Should I check on her whereabouts before we head to the beach this summer? It is tempting, now that the information is available. Certainly she is not the only one out there anyway? What would I do with that knowledge? What would you do? Any advice from forum members? This is just a hypothetical question but one that I am going to have to give some thought. At one point, the knowledge that she was within 200 yards of a beach (Jacksonville, I recall), forced the closing of that beach for a time.
Yes, I also do fine as long as I'm swimming with others, or accompanied by a kayaker, or doing specific events--it's those more casual solo swims that can be a problem, especially when they're in less familiar waters. There's something about being out there all by my lonesome that makes my mind turn to what else might be in the water with me.
And I didn't mean to suggest that it's possible to completely know what the risk of shark accidents is at any given locale. My point was more to do whatever information gathering and consideration of the odds you need to do before you get in the water. I know that for me, trying to reassure fears by telling myself just how very very small the risk actually is is a failing strategy . . . mainly because myself will argue back that the sample size of those venturing beyond the sandbar along my particular stretch of beach during the winter is . . well . . . just me, plus the very occasional surfer, so that makes any statistical analysis suspect. And so what was meant to be a reassurance turns into an internal debate, and I'm lost.
Info that I do find reassuring is how little interest sharks tend to have in humans generally. I know we've all seen those overhead shots of beaches crowded with bathers happily cavorting, with the dark outline of a shark startlingly close to the action. Yet for the most part the big fish find their elevenses elsewhere, and rarely even let us know of their presence.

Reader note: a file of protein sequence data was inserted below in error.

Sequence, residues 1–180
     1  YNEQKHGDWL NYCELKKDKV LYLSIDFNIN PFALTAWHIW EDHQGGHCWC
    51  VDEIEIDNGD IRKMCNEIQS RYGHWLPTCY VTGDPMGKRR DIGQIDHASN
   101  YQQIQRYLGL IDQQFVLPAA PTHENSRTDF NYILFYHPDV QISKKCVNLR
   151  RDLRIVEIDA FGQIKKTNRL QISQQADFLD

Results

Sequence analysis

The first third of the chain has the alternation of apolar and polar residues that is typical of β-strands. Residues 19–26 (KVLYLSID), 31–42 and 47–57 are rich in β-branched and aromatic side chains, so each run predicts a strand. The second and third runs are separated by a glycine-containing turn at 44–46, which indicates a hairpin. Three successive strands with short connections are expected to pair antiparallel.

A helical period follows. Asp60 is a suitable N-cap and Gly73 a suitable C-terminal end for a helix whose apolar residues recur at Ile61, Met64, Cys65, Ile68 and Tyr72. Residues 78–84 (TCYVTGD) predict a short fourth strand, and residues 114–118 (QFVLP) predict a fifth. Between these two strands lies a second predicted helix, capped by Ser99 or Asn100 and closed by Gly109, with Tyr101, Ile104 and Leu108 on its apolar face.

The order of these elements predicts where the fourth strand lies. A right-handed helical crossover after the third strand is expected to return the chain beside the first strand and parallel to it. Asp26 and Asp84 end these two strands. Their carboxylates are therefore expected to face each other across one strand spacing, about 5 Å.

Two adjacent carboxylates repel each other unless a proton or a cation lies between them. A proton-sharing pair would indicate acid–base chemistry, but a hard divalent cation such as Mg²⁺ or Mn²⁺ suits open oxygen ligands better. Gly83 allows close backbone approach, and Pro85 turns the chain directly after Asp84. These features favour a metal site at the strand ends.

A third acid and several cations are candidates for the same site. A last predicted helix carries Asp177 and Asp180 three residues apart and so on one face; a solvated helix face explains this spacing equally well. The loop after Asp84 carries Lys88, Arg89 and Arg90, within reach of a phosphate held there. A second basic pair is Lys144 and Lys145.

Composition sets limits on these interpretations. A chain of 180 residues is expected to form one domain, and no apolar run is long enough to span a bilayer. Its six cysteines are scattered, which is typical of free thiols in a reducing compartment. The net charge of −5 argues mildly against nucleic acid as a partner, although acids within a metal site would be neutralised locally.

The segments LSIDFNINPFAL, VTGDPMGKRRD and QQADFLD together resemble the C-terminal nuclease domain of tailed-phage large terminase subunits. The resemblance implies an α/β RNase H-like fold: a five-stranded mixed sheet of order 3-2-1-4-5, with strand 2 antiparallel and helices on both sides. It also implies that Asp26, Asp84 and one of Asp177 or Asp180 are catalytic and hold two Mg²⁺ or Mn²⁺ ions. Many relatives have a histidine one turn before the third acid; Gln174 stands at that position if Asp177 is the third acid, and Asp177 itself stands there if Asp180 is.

I think of one of my elderly relatives who has become afraid when she's alone in her house. She's convinced that the world is full of bad people who are intent on breaking into her home, stealing her things, and harming her. It's sad to see, and no amount of reassurance--crime in her area is very low, she has multiple locks and an alarm, etc--seems to help. I don't want my own sense of vulnerability to make me that person in the water, startling at every shadow and thinking the ocean is full of beasties out to devour me. I set out this winter to do what I could to lessen my uneasiness. It helps to remind myself: Sharks--they're just not that into us.
So this is how my reasoning goes: it's entirely possible that I will at swim in the vicinity of sharks, it's unlikely on any given swim that I will see one; it's extremely unlikely that I'll ever get bitten by one; and the odds are infinitesimally small that I would end up maimed or killed from a shark accident. Those are odds I'm willing to accept to do something I love.